Power is but one aspect, one manifestation of goodness. This moment of Christ’s death, presenting at one time both the fullness of His being and the apex of His mission, was the greatest moment of all time. God is said to love more where more of Him is to be found, where He inserts more of His supreme goodness. And although all instants of time are equally present to His sight, this moment, this—when Jesus unites God’s life with man’s death, overthrows the thralldom of Satan, and restores man to divine friendship—this instant God loved more than any other from the dawn of creation to the closing thereof. All goodness, all grace, all pardon, all holiness, all virtue was in light of this moment and made possible by it. It is the instant containing the most of His goodness and power and love.
This is truth. This is the truth. It is the fundamental truth of our religion, of reality. For truth to convey goodness in such a way that it delights us, gladdens us, warms us—that is beauty. We are one with what is good by choosing it, but we are one with beauty by knowing it. Yet it is not a truth that satisfies the mind but charms the heart. The divine truth manifested in the Suffering Servant hanging on the tree fills us with hope, comforts our despair, braces our heart, and makes us God’s beloved. It is beauty saving the world.
If it is true that Corrúptio óptimi péssima, the corruption of the best is the worst, then it is even more true that Reparátio péssimi óptima: Restoration of the worst is the best. There is more beauty in the scars on His hands and His feet than if they were whole. And so, here in Christ crucified we have the deepest, most mysterious beauty of all. We know not only the suffering and death of the Lord but also the power of His goodness and love. He Whose life is sheer happiness freely chose suffering and death as the most fitting and effective conduit for the power of His love to make us one with Him in happiness. He has no appearance to attract us to Him, and yet He is too beautiful in His blood-red robe. Lifted up from the earth, He draws all things to Himself.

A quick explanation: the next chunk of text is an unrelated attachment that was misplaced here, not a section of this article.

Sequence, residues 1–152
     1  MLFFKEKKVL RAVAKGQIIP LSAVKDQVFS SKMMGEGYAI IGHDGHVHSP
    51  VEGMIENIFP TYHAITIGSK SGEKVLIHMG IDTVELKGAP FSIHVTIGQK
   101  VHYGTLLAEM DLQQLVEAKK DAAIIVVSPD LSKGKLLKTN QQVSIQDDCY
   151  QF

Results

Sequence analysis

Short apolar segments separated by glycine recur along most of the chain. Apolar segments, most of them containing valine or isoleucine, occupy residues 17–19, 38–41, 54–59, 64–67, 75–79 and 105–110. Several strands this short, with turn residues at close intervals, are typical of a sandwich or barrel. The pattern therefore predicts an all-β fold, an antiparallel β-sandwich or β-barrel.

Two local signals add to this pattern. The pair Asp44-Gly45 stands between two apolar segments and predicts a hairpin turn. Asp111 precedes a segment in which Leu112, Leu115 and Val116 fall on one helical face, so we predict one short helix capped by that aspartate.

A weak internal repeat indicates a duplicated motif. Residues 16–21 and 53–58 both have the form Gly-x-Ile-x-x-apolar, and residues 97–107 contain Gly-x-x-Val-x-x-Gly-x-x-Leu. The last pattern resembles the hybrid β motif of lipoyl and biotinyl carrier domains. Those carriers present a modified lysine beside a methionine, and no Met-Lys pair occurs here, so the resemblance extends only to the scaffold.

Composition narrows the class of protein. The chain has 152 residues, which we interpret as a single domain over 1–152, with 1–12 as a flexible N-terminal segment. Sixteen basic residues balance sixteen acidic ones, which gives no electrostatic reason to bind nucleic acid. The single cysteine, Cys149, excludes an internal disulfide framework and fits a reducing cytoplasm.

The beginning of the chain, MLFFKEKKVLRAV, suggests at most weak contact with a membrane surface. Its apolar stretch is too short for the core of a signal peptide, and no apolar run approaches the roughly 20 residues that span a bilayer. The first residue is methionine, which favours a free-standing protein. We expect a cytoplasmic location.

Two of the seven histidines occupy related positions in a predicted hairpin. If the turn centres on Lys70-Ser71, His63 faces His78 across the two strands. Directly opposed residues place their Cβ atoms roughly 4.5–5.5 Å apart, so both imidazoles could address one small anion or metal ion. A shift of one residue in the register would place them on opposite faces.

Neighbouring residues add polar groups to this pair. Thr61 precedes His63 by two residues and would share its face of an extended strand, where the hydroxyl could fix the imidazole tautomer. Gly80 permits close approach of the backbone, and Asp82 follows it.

The delight of this beauty both fills us with rapture and makes us yearn for more. The heart intuits what the eyes do not glimpse, and our souls are fascinated. There is a mystic love that responds to this beauty, that thrills at it, honors it, enjoys it, desires it. As if we needed an authority to tell us, no less an authority than St. Augustine describes his reaction to this beauty: “Sero te amávi, o Pulchritúdo tam antíqua et tam nova. Sero te amávi.” “Late have I loved You, O Beauty, ever ancient, ever new. Late have I loved You! You breathed Your fragrance on me; I drew in breath and now I pant for You. I have tasted You, now I hunger and thirst for more. You touched me, and I burned for Your peace.”Our response to divine beauty, to the power of God shining through the death of Christ, is love. Such love changes us from within so that we can be more like the beauty we contemplate in faith. It is a power itself too great to resist, yet in yielding to its strength, and reveling in it, we find peace. Hence even the greatest of pagan poets said,
Omnia vincit Amor; et nos cedámus Amóri.
Love bests all; let us too fall to Love.
Or in the verses of Fr. Faber:
O love of God! O sin of man!
In this dread act your strength is tried;
And victory remains with love:
Jesus, our love, is crucified.
Listen to the audio version below.
Also: Listen to this recording of the Passion of Christ according to St. John by Fr. Edmund Page, O.Praem.; Fr. Joachim Aldaba, O.Praem.; and Fr. Charles Willingham, O.Praem.
Even as his health declined, Fr. Leo continued to orient his life to the service of the altar, recognizing in the Holy Eucharist the source of every grace and heavenly blessing. At that moment, I knew that I, too, wanted to be a Norbertine priest, “lifting high the Holy Eucharist over the miseries and errors of this world.”
The Norbertine vocation is essentially Eucharistic. It is true, the Church expects every religious institute to “make every effort to participate in the Eucharistic sacrifice daily, to receive the most sacred Body of Christ, and to adore the Lord Himself in the sacrament.”